Tuesday, June 30, 2015


Simon, in all his soaking glory.
This evening it happened.
Simon joined the club.
He fell from the back of the gondola into the waters of Newport Harbor here in California.
It was gonna happen sooner or later.
As I mentioned in my post "5 x 5 = 25 Part Three"
"You're gonna fall in - it's just a matter of time"

Today, Simon joined the ranks of those who've passed from dry to wet,
from above the surface to below it,
from comfortably singing and deftly controlling the boat, to saying:
"Hi folks, remember me? I was the guy on the back of the boat just ten seconds ago".

Simon not only discovered that the water is wet,
he also learned just how easy it is to climb back onto the deck of the gondola when you've got a flood of adrenaline flowing through your veins.

His passengers were never in any danger,
and got a rare treat - seeing him "join the club".
He finished his cruise, and returned to the office,
where I had a fresh, dry change of clothes waiting for him.
His next cruise left on time with no complications, and I was proud of him.

A good gondolier is many things, among them:
being ready for anything.

This spontaneous baptism thing is not unique to Newport.

Gondola Romantica in Minnesota has a tradition:
When a guy falls in the water for the first time,
He has to bake a rhubarb pie, which all the staff enjoys eating together.

At La Gondola in Providence, Rhode Island they even have a name for the club.

Chief gondolier "Marcello" told me recently:
Here in Providence, we don't call it "falling in".
To help deal with the sting (literally and figuratively ;)),
we call it "being baptized", and every off season at the annual gondolier gathering we have a little ceremony for all of the newly-inducted members of the "Brotherhood Of the Woonasquatucket"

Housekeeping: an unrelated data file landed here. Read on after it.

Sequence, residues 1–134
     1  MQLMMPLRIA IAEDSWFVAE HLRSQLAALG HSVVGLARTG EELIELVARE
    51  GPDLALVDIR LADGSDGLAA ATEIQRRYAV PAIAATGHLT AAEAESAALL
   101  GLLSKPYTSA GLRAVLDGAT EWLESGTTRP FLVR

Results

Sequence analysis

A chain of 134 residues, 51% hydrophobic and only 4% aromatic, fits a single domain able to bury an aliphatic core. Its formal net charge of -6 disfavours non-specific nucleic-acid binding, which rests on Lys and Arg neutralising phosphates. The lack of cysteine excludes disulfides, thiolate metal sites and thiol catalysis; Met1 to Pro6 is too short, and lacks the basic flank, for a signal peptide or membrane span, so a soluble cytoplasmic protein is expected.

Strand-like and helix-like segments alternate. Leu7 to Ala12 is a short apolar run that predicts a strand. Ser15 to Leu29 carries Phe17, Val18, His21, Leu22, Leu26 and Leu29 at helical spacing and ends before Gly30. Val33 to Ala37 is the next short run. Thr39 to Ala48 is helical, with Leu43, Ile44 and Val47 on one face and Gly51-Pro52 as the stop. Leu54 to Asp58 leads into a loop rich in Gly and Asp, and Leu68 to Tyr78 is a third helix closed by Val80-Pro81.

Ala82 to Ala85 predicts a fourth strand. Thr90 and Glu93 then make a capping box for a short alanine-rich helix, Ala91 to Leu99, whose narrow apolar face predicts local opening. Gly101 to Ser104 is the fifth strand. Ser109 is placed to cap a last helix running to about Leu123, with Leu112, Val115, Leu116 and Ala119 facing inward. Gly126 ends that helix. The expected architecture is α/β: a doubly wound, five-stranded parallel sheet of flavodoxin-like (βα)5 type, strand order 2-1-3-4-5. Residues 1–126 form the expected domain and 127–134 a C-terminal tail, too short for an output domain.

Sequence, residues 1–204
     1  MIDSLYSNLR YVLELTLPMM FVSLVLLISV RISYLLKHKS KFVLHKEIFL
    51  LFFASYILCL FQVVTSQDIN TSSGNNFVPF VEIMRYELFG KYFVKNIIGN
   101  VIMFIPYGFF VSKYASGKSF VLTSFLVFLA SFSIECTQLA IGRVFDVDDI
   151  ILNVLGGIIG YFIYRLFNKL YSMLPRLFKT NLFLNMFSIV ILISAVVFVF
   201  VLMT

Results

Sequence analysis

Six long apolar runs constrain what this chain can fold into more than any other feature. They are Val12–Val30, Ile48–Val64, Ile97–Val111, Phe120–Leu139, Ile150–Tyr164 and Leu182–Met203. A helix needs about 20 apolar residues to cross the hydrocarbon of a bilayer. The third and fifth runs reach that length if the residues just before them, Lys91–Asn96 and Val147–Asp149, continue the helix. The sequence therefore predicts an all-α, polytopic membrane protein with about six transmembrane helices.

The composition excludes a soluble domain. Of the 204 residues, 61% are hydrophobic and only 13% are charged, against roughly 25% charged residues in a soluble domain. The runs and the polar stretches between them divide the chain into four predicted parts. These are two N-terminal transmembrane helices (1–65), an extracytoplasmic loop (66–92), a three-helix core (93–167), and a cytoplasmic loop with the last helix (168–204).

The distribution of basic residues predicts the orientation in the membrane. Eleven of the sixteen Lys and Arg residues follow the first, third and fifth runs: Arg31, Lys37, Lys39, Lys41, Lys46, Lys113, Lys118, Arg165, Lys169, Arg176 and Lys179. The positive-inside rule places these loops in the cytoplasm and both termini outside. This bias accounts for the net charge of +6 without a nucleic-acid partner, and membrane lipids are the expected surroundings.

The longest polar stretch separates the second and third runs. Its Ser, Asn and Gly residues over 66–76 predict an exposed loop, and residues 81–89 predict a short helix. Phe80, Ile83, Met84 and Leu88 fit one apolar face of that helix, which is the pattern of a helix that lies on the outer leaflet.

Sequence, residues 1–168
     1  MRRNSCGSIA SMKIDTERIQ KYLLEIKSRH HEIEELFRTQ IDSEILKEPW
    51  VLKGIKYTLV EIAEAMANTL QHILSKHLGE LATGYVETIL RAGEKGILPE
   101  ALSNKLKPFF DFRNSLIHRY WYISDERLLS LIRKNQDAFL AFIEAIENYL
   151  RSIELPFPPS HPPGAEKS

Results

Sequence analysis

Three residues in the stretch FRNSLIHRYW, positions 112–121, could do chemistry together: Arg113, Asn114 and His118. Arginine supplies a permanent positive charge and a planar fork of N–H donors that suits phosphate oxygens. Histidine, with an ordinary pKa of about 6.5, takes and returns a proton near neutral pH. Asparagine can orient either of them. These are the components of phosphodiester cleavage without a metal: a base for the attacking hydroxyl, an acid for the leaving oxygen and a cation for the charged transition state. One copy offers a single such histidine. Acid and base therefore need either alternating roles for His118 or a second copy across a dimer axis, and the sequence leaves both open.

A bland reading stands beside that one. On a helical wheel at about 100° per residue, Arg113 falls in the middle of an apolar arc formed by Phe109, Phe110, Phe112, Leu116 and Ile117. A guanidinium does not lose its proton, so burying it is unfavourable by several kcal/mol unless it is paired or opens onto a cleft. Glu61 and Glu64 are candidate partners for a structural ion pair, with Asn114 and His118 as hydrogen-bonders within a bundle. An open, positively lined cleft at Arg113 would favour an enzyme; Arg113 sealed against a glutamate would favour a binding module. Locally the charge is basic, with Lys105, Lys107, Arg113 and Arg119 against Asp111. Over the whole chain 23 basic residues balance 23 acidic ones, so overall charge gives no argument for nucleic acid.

(the Woonasquatucket River being one of the two on which we row).

Furthermore, we are fond of telling people that the river knows

our name - every time you waver a little bit with your balance,
or if a new guy pops out of the forcola, or something like that,
we call it the river whispering to us. While that might not be
the day and the hour, we know that she calls to us, and will eventually claim us as her own. 
 I went in myself for the first time in 15 years one year ago
this week, and I wasn't afraid or embarrassed;
actually, in the split-second between being on the boat
(tied up at the dock, by the way, not even out rowing)
and being in the water, I simply resigned myself to the fact
that it was my time, and I was happy to be called by her,
our own little Siren.

Look! Up in the Sky!

As gondoliers, we are well versed in many things involving our cruises,
including all those things that shine in the sky above us.
My friend Steve Atkins sent me this great summary of what's going on
in the sky this week.  I will be sure to share it with my passengers who are lucky to be on the water as it happens, and even if you don't get out on the water this week, take a few minutes around sunset to appreciate this unique set of lights in the sky.
Greetings Greg,

   I thought of you and gondoliers in general last week when I noticed that Jupiter and Venus were converging.

   I suppose most gondoliers are interested in astronomy whether they would put it that way or not. Certainly they care about seasons and weather and tides, especially when low bridges are involved. A beautiful sunset makes a great ride excellent for passengers. When photography is involved, the hour before the sun disappears can be magical. And again, a lovely view of the moon and stars makes a later romantic cruise grand.